Shea it isn't so: Glavine, Mets fall apart

NEW YORK - In the bottom of the first inning, a few Mets fans were chanting: "Let's go Washington."

In a 28-minute, 52-pitch, top-of-the-first fiasco, a microcosm of all that had gone wrong for the Mets as they blew a seven-game lead with 17 to go, Shea Stadium had gone from hopeful to fatalistic. If they were going to give something away and take their rightful places along Bill Buckner, the 1986 Angels and the 1964 Phillies, these Mets were going to do it in style.

In his last game of the year during which he won his 300th game on his way to the Hall of Fame, Mets starter Tom Glavine threw 36 pitches. He faced nine batters. The first one walked after going down 0-2. The next one hit into a force. Everybody else reached base.

After five hits (including a few rockets), one walk and one hit batter, Glavine was gone. He had thrown 19 balls, 17 strikes (five of which became hits) and tossed a ball into the outfield when trying to stop a runner from advancing to third. Cody Ross, who smashed a slicing double into the rightfield corner to get the Florida Marlins really rolling, scored. Everybody scored.

Glavine was gone after he hit Dontrelle Willis. His day was not complete. Two more of his runners scored when Dan Uggla, the only player in the lineup who did not reach against Glavine, crushed a double off Jorge Sosa. Glavine left, down 7-0. It had to be the worst big-game start by a big-game pitcher in history. The normally free-swinging Marlins made Glavine throw strikes. He could not or would not do it. And when he did, they hit it.

The Mets were out of it so fast they were never in it.

They lost, 8-1. It seemed worse. It was worse. It ended their season. And nobody will forget how it ended and what led up to it.

In the top of the fourth, one fan, perhaps a late arrival that was given the details, yelled: "Glavine, I hate you."

It was that kind of day, that kind of September for a team that went from mortal lock to sports jail in one brutal stretch of really bad baseball.

The scoreboard was no kinder. The Phillies led the Nationals, 1-0, then 3-0, 5-1. And finally, 6-1.

The National League East, a division the Mets dominated last year and seemed to own this year, had been decided. There would be no need for a playoff game in Philadelphia today. There would be no need for anything but the recriminations. And a prominent page in baseball's Book of Great Chokes.

"We had an opportunity many times to put people away," Mets manager Willie Randolph said. "We didn't play well at the right time, didn't play smart. It's very tough right now, very emotional . . . It's tough to be leading all the way through and not close the deal."

Glavine was asked if he was devastated.

"Devastation is for things in life that are much more important than this," he said. "I'm certainly disappointed. There were a couple of grounders in the hole, a couple of bloops."

There was one bloop. There were also those shots that needed no holes.

"It will take a while to get over this," Glavine said. "It shows that you can't take anything for granted in this game. You can't give games away . . . There were some games we gave away that led to this."

Even trailing 7-0, the Mets had immediate chances to get back into the game. They left the bases loaded in the first. The spike marks on the warning track from Ross' shoes as he was catching Ramon Castro's drive a few feet from the 371-foot sign stayed there the entire game, mocking the Mets players, their fans, maybe even New York itself.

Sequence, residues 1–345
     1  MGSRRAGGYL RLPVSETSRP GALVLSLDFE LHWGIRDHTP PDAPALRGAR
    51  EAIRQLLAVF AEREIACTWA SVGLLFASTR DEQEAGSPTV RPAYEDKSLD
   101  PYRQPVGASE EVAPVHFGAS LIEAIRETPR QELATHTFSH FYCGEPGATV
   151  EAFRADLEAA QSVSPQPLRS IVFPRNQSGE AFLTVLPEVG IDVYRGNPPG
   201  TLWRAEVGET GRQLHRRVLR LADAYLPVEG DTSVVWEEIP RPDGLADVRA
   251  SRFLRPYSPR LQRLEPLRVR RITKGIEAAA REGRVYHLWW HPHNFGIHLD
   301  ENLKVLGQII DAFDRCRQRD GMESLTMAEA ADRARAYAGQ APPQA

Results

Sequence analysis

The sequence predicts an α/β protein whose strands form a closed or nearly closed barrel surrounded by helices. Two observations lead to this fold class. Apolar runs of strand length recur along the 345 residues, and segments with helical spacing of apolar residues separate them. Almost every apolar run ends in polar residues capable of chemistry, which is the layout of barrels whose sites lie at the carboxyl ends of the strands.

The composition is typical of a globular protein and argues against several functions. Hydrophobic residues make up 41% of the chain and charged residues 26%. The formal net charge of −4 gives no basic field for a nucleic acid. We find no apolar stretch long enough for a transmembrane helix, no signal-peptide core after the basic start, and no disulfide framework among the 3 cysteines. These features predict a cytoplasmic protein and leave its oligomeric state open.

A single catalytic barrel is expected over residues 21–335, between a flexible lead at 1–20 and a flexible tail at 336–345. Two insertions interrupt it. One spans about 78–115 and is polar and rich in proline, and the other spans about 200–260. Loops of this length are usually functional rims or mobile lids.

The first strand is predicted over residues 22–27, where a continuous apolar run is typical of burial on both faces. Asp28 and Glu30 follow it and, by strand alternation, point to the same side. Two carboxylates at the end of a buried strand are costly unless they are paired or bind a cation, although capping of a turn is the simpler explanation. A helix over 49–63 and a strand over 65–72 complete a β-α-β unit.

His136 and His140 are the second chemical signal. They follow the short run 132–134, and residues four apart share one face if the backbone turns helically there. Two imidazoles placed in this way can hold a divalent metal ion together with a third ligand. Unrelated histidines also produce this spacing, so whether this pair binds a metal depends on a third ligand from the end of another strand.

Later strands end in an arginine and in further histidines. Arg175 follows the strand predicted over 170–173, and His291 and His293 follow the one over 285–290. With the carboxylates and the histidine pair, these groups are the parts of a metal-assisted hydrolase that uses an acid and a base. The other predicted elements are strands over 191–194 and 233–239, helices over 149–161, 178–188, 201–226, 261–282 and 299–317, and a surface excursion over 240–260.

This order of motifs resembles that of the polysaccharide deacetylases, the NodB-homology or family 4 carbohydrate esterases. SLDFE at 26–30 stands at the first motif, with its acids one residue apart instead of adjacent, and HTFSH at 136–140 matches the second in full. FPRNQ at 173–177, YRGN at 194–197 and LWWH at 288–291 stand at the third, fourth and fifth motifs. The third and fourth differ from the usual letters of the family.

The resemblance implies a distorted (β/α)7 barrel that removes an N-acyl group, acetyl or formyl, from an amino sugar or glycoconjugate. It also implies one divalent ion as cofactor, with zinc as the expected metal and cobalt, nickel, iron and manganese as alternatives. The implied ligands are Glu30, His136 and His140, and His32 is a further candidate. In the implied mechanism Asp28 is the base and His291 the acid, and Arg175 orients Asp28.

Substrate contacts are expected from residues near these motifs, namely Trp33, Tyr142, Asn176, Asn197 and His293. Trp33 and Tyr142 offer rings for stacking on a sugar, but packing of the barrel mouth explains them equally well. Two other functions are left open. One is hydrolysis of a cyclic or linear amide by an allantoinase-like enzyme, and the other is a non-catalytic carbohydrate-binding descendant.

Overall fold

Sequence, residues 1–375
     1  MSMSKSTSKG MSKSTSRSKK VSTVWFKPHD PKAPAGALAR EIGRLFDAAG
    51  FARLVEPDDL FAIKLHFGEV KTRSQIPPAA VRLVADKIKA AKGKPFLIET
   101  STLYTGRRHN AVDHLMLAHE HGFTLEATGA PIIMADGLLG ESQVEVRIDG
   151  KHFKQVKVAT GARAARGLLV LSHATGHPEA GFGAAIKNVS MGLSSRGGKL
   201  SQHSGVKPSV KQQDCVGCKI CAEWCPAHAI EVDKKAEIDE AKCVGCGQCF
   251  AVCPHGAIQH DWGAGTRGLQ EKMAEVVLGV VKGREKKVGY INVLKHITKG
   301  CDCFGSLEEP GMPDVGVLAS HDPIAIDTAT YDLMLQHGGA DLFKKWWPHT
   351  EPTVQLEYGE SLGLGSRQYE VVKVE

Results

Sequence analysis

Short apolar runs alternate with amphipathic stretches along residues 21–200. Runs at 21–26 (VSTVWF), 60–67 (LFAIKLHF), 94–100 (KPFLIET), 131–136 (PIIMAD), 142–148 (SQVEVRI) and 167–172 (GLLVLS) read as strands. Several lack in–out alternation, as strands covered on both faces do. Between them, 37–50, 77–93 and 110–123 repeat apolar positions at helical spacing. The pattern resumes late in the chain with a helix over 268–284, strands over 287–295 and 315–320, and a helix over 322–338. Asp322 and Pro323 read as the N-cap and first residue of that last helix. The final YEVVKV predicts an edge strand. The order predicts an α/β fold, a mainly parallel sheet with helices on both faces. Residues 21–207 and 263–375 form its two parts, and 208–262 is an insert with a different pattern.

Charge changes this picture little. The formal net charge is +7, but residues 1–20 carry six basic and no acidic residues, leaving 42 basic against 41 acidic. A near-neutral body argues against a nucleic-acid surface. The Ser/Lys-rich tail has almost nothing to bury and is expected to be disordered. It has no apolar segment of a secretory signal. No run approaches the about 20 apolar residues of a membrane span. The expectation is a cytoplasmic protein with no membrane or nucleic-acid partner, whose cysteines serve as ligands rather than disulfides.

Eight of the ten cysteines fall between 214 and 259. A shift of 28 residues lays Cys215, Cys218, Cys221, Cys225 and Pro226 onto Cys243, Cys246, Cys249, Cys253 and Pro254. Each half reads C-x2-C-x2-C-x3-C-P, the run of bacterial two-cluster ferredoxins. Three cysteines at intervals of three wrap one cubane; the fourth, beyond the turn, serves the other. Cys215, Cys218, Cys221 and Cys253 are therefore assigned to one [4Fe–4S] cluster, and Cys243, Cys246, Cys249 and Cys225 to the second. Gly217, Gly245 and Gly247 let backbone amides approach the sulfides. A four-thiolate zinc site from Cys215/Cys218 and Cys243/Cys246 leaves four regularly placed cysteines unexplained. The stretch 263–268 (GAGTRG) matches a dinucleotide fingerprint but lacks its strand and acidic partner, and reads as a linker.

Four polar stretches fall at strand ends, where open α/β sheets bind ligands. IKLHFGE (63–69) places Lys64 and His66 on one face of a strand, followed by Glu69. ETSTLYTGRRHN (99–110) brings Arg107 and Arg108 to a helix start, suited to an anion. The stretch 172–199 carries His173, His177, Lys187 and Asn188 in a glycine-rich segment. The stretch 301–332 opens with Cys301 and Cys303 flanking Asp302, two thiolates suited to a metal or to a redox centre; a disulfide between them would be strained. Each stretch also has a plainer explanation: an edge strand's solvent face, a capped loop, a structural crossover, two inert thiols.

The Mets left two on in the second and the bases loaded in the third. They got three hits (two infield singles) in the first and two in the final eight innings. They went meekly.

Willis, who managed to throw 76 pitches (34 strikes) in 2 2/3 innings, was just bad. He walked five. He fractured Carlos Delgado's left hand. He was gone before he could become awful. The Mets took over his role from there to the finish line, doing absolutely nothing but wait for the inevitable.

The Mets' clubhouse was somewhere between silent and comatose. Catcher Paul Lo Duca walked from teammate to teammate, hugging each one, saying nothing. All they had heard on the field were boos. Shawn Green was mindlessly autographing some bats, a way to cope with something none of them could have imagined 2 weeks before.

"Obviously, it's very painful," third baseman David Wright said. "It hurts. At the same time, we did it to ourselves. It's not like we couldn't see it coming. In all honesty, we didn't deserve it."

In the final week of the season, playing every game at home, the Mets lost five of six to the Nationals and Marlins, two teams that were mathematically eliminated in spring training. And they lost a makeup game to the Cardinals, who had zero interest in being in Queens last Thursday. In the losses to the Nats and Fish, the Mets gave up 47 runs. If you are going to blow it, you might as well do it in such grand fashion that your place in baseball lore is ensured forever.

Mets general manager Omar Minaya looked south rather than in the mirror.

"Yes, we did not win, but those guys [the Phillies], you've got to give them credit," he said. "They've been through this, come close and come up short. As much as you hate it, you had to really admire the way those guys went after it."

A sellout crowd (54,453) was at Shea yesterday. For the year, the Mets set a team record with 3,853,955 fans. All will deny they were part of this. A few that stayed to the end could be heard halfheartedly yelling "Fire Willie."

The Mets lost at 4:31 p.m. Four minutes later, a final Brett Myers curveball bent another pair of legs. The Mets had lost everything.

As the crowd dispersed down one ramp, a young fan had a white bag over his head. On the front, it read: "The Team, The Time, The Choke." He was walking a few paces behind a young fan with a Chase Utley jersey. *